Researchers should also be sensitive about the language and means of communication which they use, both during their research and when writing it up. First, their language needs to be accessible. Avoiding academic language when asking questions outside the academy is essential in any circumstances, but for people with learning difficulties, the phrasing of a question - or the use of non-verbal means of communication - can make all the difference to their ability to reply. Then, offering written material in braille and large type sizes is a key means of avoiding the exclusion of visually impaired people from the data. And using a signer may be the only way of obtaining "oral" information from deaf people, given that so few researchers are capable of signing for themselves.

Second, researchers need to be aware that commonly used language is often offensive. "What is your impairment and how does it affect you?" is more accurate than "what's wrong with you?", although researchers should still remember that they have no "right" to expect a reply. Then there is an ongoing debate within the disability rights movement about whether we should be described as "people with a disability" - which many now feel reflects the medical model of disability - or as "disabled people" - which better reflects the social model of disability. Many American activists, meanwhile, prefer "differently abled", reflecting the fact that many disabled people can participate and achieve in society alongside non-disabled people if they use wheelchairs, sticks, dogs, hearing aids and so on - or simply go about things in a different way. "Crippled" is being reclaimed by activists - or crips - but should not be used by people who are not disabled, while opinions differ about "the disabled". (In the UK in the 1980s, the National Union of Journalists launched the Campaign for Real People in the belief that people were dehumanised by descriptions such as "the disabled", "the homeless", "the poor" etc.)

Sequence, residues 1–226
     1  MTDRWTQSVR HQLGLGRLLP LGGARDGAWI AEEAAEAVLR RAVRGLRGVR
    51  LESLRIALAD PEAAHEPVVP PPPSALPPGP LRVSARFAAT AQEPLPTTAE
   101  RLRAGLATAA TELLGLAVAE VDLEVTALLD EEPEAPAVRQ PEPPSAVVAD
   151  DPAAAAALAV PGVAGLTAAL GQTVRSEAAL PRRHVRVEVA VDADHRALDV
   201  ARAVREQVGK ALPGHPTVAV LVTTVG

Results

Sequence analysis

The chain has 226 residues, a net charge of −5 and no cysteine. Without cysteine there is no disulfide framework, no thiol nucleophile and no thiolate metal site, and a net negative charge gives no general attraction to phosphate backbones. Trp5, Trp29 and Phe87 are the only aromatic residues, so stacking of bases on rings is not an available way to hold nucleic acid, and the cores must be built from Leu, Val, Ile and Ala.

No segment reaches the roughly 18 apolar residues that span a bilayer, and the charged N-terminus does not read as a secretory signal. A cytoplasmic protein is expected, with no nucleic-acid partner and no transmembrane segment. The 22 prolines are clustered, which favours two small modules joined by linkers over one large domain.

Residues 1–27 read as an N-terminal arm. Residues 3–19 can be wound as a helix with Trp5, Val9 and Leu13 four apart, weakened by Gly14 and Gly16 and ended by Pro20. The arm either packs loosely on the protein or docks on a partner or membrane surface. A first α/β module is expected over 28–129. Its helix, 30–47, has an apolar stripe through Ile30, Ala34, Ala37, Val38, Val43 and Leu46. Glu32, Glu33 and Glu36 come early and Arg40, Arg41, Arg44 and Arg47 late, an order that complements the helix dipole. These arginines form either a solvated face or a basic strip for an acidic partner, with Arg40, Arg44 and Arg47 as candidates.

Offensive terms, in the UK at least, include handicapped, invalid (in-valid), being a "victim" of one's condition (which implies passivity and helplessness), and being "confined to a wheelchair" (using a wheelchair is a liberating experience if you have mobility problems, and people who use them do not spend their entire life in one). Researchers should be equally sensitive about the use of descriptions and metaphors. There is an ongoing debate about this within the disability rights movement. For example, Cheris Kramarae and Paula A. Treichler point out that: